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## Main Question or Discussion Point

For a perturbation that is constant within a given time, we can use Fermi's Golden Rule.

In developing Fermi's Golden Rule, 2 approximations are made:

(1)

The energy interval E (continuum) to which discrete states are scattered is small enough such that the density of states is constant in this interval.

(2)

The time t is large enough such that the energy interval E is greater than the Bohr frequency. E >> 2 pi h / t

(h is h-bar!!!)

Now I do not get this 2nd one.

There is a factor involving cosine of (w.t), where w is the Bohr frequency connecting the final and initial states. For small t, this factor oscillates rapidly and has a peak when the 2 states are equal, showing that scattering that preserves the unperturbed energy is dominant. This bit is clear.

Yet why must the energy interval be greater than the Bohr f?? An what does this have to do with time? The Bohr f is really just an energy difference right? I dont see how the inequality from (2) arises, or why it is important?

In developing Fermi's Golden Rule, 2 approximations are made:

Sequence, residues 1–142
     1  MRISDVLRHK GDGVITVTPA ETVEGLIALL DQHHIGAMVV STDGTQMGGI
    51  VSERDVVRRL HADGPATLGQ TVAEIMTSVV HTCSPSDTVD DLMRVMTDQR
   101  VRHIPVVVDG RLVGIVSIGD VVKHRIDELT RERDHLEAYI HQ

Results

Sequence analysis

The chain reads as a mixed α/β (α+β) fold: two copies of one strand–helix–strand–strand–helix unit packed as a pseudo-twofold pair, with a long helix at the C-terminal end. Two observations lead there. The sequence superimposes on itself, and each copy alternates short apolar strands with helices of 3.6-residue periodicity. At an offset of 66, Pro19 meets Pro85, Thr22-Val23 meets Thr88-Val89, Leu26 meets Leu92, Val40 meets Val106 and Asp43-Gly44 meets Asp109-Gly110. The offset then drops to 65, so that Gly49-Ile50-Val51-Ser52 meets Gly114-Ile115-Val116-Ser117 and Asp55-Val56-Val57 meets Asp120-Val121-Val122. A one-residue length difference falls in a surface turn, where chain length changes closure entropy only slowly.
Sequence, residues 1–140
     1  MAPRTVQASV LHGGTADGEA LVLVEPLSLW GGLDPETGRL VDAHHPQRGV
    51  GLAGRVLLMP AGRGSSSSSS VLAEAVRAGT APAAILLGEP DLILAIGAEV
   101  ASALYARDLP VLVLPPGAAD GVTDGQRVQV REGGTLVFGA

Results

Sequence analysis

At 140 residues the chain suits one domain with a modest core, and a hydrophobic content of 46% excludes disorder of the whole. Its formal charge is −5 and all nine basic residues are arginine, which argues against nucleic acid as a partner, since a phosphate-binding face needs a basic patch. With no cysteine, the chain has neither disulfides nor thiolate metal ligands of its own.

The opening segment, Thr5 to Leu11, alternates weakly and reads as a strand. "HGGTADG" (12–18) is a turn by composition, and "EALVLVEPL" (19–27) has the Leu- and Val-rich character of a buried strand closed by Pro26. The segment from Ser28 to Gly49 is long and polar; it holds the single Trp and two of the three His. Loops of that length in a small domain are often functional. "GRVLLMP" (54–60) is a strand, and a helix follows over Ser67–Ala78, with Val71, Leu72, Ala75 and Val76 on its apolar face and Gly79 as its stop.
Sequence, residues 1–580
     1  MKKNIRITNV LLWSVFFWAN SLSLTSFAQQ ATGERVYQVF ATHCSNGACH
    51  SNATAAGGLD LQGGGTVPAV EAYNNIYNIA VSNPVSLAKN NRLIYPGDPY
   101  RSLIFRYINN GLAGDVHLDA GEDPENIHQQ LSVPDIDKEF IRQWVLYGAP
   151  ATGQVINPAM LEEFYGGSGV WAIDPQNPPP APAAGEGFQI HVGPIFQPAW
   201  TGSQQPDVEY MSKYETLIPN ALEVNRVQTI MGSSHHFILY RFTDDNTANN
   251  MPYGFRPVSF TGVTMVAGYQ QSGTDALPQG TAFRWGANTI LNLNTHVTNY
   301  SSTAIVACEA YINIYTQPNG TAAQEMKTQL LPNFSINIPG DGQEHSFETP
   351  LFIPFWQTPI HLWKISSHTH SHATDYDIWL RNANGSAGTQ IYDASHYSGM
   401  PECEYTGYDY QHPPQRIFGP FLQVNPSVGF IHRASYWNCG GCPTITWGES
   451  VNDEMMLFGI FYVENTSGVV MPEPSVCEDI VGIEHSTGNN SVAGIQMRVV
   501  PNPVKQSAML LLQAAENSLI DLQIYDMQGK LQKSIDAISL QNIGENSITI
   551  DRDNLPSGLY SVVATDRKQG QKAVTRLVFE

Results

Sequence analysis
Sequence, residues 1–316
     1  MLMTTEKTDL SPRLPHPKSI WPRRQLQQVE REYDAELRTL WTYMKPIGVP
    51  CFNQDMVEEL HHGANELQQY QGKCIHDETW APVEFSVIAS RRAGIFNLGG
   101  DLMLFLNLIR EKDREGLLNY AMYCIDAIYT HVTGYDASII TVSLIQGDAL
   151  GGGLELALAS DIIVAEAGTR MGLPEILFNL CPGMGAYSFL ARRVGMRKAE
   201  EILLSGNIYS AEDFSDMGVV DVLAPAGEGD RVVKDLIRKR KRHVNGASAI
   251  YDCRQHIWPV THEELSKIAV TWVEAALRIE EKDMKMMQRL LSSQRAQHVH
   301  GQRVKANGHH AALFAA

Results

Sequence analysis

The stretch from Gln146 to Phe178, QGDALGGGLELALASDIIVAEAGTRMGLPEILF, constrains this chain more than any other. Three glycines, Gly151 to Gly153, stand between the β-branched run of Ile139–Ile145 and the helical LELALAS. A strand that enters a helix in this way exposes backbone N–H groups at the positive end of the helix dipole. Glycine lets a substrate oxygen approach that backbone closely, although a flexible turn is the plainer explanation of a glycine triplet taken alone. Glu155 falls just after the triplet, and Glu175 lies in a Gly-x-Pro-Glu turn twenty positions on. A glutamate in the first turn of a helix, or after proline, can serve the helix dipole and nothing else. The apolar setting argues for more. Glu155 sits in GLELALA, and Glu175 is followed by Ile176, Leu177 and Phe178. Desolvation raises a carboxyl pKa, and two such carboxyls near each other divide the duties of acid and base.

(1)

The energy interval E (continuum) to which discrete states are scattered is small enough such that the density of states is constant in this interval.

(2)

The time t is large enough such that the energy interval E is greater than the Bohr frequency. E >> 2 pi h / t

(h is h-bar!!!)

Now I do not get this 2nd one.

There is a factor involving cosine of (w.t), where w is the Bohr frequency connecting the final and initial states. For small t, this factor oscillates rapidly and has a peak when the 2 states are equal, showing that scattering that preserves the unperturbed energy is dominant. This bit is clear.

Yet why must the energy interval be greater than the Bohr f?? An what does this have to do with time? The Bohr f is really just an energy difference right? I dont see how the inequality from (2) arises, or why it is important?